Life with Lill…dementia lesson

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Even on her best days she doesn’t remember my name, but she knows my familiar face. Her eyes light up with understanding when I tell her I’m her oldest granddaughter. She says, I’m a sweetheart. I smile and think, if she only knew.

But today is not one of those days.

I know from the minute she awakes. She holds her head in both hands trying to figure out why her body is slowly beginning to work but her mind won’t follow. With a shake of her head she tries to jostle the memories and thoughts back into place. Her pursed lips tell me more than her words ever will. Am I dreaming? Is this real? Where am I? How’d I get here? And the biggest question of all though she keeps the it at bay.

Who are you?

Our morning continues with breakfast and a little bird watching. She slowly eats her cereal and drinks sweet coffee. As she turns her back to me, I get what she’s not saying. What she refuses to ask because even on her worst days she’s hesitant to be rude or completely honest with a stranger. Only I’m not a stranger.

I’m the little girl who followed her around working in the yard and gathering eggs during summer break. I’m the middle schooler she came to watch sing on stage at the spring show. The college freshman who lived with her for the first semester. I’m the mother of three of her great grandchildren, and the one she taught to make kolaches.

Today, she doesn’t remember.

Her questioning eyes drift my way. Who are you? Do you know I can’t remember one thing? How did I wake up in this place? What happened? Did I hit my head or suffer a stroke? My mind’s not working, do you know? 

Frightening questions follow. Did you do this to me? Is it safe to ask? Why does she want me to take this medicine? I better just keep my mouth shut and go along with her.

Today, the silence is anxious.

In the silence I recognize my living not enough is a spiritual dementia of sorts. It wipes away my memory of who God is and who I am in Him. On my worst days I wonder just like my grandmother. Can I trust you? Do you truly want what’s best for me? Will you leave me alone to figure this all out.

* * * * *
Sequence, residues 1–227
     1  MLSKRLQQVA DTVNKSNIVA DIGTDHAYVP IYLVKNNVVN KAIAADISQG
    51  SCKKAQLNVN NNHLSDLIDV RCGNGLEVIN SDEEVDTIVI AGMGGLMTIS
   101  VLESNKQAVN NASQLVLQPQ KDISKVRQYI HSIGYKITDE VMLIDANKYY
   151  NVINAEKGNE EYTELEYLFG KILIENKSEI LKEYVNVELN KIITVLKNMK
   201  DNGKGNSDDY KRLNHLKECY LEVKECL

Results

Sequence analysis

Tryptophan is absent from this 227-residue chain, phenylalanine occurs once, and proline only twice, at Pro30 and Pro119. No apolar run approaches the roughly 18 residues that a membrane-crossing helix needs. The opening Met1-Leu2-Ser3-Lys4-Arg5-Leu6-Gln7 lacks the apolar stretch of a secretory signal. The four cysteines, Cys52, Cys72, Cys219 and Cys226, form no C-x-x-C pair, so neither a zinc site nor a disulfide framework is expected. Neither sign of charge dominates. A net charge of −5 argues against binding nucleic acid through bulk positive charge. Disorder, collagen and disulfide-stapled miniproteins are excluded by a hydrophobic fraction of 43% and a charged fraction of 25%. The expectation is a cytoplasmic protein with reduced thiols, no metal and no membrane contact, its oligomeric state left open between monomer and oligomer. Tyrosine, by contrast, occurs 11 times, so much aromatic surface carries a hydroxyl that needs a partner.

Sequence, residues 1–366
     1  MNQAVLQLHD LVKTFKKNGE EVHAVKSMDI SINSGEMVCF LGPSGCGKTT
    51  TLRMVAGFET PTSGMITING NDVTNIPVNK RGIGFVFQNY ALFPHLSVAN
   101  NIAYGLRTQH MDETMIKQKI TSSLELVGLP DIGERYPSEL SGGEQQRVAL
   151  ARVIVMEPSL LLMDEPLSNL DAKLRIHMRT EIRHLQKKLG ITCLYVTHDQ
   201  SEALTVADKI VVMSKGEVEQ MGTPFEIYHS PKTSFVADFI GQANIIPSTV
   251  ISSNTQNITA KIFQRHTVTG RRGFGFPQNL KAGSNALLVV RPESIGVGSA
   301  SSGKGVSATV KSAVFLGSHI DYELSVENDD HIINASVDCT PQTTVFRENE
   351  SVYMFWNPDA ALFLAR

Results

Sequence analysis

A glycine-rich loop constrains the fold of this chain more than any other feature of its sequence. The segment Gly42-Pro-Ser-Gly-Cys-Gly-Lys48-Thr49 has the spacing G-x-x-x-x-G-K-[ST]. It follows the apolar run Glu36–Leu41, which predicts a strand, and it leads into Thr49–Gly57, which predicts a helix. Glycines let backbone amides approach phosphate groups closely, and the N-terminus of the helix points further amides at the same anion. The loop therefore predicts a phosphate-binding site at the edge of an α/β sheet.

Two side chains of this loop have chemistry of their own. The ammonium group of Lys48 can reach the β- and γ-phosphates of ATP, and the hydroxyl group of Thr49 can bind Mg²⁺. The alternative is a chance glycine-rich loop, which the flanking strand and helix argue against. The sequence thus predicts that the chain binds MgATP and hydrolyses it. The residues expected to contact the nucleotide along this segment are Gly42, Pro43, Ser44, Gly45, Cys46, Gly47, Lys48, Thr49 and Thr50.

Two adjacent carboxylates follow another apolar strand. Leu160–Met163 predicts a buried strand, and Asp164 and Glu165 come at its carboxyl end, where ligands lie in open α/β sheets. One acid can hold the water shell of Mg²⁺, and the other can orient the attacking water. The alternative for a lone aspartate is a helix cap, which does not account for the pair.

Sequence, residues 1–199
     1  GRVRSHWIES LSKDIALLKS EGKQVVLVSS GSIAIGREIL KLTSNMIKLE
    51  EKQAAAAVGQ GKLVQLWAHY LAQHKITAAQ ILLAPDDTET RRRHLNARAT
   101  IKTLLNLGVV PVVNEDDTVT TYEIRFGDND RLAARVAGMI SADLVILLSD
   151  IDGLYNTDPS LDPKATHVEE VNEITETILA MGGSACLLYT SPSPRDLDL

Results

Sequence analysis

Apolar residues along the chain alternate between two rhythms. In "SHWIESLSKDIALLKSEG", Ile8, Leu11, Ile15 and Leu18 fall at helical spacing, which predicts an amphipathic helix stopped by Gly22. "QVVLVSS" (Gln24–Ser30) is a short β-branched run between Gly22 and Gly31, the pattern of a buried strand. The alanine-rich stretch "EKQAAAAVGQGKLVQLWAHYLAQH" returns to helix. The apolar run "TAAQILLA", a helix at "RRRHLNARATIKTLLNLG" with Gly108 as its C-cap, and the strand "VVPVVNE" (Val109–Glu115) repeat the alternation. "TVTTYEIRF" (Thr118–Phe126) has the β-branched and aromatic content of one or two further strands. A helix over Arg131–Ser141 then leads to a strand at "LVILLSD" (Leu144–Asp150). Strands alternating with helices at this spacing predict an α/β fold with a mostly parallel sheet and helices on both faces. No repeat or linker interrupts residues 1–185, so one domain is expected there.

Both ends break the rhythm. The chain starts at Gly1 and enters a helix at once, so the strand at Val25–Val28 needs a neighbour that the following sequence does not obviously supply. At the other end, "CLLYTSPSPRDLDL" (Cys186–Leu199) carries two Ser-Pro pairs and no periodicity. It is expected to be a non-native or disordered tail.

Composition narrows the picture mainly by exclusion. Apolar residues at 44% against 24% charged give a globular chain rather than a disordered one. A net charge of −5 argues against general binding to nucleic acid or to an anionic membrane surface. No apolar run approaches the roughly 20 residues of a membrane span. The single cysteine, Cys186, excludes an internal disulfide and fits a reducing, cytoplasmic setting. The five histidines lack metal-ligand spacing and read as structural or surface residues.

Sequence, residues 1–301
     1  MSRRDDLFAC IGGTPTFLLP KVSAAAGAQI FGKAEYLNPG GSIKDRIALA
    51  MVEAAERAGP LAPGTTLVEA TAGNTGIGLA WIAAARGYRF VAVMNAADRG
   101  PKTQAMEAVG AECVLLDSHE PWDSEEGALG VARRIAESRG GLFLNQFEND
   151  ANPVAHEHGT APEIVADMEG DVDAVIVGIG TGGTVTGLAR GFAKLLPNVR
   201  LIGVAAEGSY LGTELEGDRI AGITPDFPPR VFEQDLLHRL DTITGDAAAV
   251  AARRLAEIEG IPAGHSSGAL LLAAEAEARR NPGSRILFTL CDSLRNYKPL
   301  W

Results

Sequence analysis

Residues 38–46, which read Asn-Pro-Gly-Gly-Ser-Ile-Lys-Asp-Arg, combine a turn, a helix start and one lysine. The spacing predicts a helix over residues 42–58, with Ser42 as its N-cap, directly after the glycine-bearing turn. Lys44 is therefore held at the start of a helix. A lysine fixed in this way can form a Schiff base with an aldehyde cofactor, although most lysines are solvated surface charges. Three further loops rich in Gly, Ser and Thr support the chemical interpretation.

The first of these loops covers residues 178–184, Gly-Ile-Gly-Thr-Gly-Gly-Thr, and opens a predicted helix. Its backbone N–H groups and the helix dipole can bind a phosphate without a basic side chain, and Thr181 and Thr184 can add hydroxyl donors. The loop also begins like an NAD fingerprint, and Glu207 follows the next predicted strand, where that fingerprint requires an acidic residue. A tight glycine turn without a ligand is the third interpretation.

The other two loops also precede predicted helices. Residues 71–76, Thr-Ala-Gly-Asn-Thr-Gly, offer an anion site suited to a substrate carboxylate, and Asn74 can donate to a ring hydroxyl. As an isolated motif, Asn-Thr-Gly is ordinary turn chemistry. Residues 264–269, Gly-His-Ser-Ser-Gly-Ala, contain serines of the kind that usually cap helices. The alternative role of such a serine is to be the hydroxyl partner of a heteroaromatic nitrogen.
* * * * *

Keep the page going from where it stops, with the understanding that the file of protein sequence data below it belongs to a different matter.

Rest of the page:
And even more frightening. Do you know who I really am? That something in me is not working?  If you knew the real me, would you still love me, still think I’m enough?

She stood and walked away from me today. Retreating to a place where she might get her mind off things. She doesn’t remember who I am or who we are to each other. There are days I do the same. I look for some distraction to get my mind off my not enough. I get caught up in the doing because I’ve forgotten who God is and more importantly who we are to each other.

Not long ago, on a good day, as I put socks on her feet she says, “One day when we get there. Well I’m gonna get there first, but later you’ll come too. When you get there I’ll be waiting for you.” I hold back tears and smile big. Because the day she greets me on the other side and remembers exactly who I am will be like no other. Until then I’m content to be with her, to love her whether she knows me or not.

It’s a beautiful picture of how God loves me in the midst of my own spiritual dementia. My forgetting doesn’t make my not enough true. It only means there’s more unfolding to do, and in the meantime God is content to be with me. My remembering or forgetting doesn’t determine His love for me. He just does.

And today that’s more than enough.

One Comment on “Life with Lill…dementia lesson

  1. Oh, Stacy, I do understand. This is such a hard time and we wonder why our loved ones have to go through this…& it hurts to know we are unable to make them okay.
    The words you have written are beautiful. I had to read it twice.
    Thank you for being the wonderful person you are. Your grandmother is blessed to have a loving family, as you all are to have her.


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